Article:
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Prev Med. 2004 Feb;38(2):182-91.

To screen or not to screen, when clinical guidelines disagree: primary care physicians' use of the PSA test.

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National Center for Chronic Disease Prevention and Health Promotion, Division of Cancer Prevention and Control, Centers for Disease Control and Prevention, 4770 Buford Highway NE, MS K-55, Atlanta, GA 30341, USA.



Clinical guidelines for using the prostate-specific antigen (PSA) test as a population-based screening tool vary considerably. This study qualitatively explored primary care physicians' PSA screening practices and their understanding of the PSA screening controversy.


Fourteen telephone focus groups were conducted with 75 primary care physicians practicing in 35 US states. Data were coded around three major topics: PSA screening practices, factors influencing these practices, and familiarity with clinical guidelines.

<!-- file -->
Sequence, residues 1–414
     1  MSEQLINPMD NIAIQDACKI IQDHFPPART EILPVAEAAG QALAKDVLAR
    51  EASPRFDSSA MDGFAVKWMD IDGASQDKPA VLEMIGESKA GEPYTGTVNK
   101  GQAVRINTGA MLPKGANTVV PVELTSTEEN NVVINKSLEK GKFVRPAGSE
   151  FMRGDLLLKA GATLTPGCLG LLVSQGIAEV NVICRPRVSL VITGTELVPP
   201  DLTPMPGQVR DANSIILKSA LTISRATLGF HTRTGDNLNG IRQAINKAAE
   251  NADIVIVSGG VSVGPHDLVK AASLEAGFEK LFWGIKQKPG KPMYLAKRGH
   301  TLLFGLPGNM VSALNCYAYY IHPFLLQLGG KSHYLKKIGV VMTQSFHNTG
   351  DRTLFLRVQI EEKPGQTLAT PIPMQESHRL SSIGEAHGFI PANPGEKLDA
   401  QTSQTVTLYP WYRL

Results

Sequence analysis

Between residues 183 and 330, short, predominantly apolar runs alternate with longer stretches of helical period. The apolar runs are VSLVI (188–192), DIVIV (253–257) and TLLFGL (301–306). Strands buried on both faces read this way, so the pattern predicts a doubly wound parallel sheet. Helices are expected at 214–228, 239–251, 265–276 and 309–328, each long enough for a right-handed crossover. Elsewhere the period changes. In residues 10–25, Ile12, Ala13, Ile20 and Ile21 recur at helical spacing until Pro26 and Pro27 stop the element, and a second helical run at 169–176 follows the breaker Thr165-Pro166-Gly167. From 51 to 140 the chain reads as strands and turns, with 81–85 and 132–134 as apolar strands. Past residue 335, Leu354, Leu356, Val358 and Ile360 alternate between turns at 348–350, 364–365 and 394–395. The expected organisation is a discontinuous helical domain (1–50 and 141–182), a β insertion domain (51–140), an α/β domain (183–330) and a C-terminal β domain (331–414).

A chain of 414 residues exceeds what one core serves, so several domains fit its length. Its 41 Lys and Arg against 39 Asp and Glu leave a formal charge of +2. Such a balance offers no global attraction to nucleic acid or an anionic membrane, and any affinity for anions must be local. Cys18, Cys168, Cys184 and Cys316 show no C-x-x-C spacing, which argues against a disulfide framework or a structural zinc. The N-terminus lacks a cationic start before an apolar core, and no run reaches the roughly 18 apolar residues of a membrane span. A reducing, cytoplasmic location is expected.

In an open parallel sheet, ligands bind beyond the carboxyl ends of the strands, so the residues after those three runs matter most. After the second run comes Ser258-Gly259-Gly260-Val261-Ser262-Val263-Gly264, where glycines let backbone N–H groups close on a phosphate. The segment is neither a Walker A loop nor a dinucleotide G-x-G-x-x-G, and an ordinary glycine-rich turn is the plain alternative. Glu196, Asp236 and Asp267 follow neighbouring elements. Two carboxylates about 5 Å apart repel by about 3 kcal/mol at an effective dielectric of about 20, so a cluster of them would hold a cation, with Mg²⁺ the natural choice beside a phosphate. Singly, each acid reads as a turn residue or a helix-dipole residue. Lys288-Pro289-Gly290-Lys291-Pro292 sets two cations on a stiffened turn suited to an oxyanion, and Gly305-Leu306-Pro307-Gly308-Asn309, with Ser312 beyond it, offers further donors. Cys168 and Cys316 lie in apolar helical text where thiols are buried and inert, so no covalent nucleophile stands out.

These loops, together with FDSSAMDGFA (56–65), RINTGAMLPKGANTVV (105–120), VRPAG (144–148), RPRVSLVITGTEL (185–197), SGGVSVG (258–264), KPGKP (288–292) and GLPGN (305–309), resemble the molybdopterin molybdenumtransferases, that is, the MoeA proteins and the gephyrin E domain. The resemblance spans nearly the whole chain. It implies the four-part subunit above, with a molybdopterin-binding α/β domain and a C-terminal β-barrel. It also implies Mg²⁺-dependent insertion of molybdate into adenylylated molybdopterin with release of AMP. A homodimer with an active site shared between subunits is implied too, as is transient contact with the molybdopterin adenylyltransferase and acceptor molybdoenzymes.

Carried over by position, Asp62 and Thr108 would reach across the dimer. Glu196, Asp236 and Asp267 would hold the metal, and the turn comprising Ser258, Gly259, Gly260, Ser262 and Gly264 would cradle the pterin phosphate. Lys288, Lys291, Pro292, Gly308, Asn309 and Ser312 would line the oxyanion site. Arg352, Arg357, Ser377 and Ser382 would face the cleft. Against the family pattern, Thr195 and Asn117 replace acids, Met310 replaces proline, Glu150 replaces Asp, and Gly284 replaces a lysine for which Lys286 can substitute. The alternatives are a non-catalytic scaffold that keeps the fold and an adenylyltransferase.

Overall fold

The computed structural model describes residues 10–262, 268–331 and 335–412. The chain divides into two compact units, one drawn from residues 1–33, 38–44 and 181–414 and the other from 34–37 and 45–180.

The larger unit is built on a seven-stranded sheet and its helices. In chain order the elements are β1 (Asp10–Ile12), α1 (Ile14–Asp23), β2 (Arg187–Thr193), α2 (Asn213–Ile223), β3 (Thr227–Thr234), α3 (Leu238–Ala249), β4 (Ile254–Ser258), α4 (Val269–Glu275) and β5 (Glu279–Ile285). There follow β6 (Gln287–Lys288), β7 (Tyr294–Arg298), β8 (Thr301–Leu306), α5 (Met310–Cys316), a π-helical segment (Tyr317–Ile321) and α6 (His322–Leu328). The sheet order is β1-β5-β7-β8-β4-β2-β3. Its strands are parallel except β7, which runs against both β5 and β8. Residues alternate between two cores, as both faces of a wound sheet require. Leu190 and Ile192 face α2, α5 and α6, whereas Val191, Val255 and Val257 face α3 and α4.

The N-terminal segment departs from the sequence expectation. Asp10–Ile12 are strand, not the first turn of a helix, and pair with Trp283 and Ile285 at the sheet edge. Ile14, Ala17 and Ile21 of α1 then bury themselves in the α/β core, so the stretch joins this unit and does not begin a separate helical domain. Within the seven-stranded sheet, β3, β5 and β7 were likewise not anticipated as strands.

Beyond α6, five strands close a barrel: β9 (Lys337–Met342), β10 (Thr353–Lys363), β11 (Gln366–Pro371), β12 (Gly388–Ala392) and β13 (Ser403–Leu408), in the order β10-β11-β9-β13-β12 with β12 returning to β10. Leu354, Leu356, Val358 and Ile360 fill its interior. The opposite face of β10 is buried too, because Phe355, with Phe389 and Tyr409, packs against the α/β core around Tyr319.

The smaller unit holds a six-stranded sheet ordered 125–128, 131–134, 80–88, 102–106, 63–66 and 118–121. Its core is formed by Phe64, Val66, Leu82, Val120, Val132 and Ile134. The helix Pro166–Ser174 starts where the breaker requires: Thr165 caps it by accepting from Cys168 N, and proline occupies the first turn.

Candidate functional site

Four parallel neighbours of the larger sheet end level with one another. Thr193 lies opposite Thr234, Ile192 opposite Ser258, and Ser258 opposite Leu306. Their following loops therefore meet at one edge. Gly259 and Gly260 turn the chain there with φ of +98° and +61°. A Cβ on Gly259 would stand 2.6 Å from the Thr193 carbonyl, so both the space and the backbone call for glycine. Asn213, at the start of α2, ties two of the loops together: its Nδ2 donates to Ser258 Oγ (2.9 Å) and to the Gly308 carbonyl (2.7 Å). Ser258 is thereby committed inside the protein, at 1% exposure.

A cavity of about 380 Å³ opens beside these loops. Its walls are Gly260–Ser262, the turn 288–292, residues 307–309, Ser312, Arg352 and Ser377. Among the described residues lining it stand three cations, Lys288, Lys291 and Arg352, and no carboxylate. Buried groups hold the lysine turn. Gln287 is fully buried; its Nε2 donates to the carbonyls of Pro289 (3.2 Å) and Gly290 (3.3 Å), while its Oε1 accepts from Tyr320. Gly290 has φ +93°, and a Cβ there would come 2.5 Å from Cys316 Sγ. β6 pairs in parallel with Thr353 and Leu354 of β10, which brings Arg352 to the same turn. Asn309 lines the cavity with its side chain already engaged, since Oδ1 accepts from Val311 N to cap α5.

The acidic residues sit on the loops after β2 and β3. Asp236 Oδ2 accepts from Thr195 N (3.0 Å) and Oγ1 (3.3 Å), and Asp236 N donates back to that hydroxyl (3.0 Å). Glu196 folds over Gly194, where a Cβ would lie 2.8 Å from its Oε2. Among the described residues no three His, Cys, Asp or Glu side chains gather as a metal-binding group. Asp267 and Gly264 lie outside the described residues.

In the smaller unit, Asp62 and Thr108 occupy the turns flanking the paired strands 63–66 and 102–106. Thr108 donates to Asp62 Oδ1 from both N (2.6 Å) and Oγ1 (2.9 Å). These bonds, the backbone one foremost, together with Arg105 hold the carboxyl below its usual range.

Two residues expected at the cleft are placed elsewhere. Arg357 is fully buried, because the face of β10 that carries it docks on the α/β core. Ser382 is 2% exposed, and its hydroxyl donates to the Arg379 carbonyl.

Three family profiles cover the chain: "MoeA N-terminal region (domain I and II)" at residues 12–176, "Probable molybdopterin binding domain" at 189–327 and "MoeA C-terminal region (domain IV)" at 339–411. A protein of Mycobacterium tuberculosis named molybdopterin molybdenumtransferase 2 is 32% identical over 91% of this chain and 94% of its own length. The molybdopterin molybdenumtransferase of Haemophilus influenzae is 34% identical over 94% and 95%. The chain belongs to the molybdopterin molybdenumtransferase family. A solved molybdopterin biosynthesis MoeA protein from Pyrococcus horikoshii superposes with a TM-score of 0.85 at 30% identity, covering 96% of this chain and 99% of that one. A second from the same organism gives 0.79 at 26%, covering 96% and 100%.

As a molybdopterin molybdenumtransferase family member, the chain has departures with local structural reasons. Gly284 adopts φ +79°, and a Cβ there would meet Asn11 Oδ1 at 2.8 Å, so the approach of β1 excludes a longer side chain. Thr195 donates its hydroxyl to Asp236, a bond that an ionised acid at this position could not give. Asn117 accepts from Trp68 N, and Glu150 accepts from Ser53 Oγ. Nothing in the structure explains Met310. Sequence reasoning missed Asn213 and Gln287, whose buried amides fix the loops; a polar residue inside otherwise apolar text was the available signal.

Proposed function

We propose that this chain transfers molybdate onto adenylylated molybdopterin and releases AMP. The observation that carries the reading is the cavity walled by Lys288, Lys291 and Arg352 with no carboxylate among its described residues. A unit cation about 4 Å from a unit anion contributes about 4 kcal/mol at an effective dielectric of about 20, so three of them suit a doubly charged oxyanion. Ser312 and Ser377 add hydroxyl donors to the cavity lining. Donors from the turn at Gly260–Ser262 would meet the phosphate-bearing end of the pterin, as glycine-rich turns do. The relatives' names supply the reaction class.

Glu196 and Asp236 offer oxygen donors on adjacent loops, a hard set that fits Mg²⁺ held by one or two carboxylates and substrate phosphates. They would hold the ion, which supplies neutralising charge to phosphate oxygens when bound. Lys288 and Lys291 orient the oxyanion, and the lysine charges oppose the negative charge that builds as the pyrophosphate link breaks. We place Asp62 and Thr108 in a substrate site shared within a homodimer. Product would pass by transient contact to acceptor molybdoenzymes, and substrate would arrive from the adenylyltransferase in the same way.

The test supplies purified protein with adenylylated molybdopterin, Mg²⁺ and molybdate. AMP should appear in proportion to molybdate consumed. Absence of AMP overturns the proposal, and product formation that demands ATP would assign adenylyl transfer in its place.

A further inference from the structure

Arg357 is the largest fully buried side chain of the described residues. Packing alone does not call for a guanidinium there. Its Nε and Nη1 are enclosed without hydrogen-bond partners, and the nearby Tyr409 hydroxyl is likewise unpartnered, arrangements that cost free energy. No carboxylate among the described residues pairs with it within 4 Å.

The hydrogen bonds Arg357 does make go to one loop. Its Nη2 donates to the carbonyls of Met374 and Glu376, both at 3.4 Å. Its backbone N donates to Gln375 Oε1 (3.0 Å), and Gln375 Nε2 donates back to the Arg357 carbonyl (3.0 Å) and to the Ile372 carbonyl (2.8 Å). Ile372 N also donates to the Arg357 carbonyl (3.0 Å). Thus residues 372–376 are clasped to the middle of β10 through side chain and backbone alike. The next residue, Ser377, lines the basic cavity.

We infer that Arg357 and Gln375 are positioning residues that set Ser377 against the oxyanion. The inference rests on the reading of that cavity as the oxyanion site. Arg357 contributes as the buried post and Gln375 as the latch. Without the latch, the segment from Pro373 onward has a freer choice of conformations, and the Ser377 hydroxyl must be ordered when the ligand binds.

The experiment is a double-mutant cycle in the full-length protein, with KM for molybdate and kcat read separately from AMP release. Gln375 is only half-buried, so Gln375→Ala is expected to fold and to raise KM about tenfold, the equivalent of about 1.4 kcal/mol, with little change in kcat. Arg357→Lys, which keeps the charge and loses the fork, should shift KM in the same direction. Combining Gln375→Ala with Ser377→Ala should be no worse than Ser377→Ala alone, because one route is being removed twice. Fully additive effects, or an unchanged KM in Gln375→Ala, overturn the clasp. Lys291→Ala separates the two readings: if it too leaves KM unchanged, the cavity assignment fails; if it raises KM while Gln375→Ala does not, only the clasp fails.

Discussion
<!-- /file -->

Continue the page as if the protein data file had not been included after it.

Two practice patterns emerged. Most participants recommended regular PSA screening beginning around age 50 for asymptomatic men with no known risk factors and at least a 10-year life expectancy. These "routine screeners" attributed their approach to experience that supported the benefit of PSA screening and to patient demand for the test. Other physicians discussed the implications of PSA screening with patients before offering the test, but neither recommended for or against it. The approach of these "nonroutine screeners" was primarily guided by the lack of scientific evidence documenting the benefit of PSA screening.


The observed practice patterns reflect both sides of the PSA screening controversy. While routine and nonroutine screeners differ in their approach, both reported high rates of PSA screening.

[Indexed for MEDLINE]

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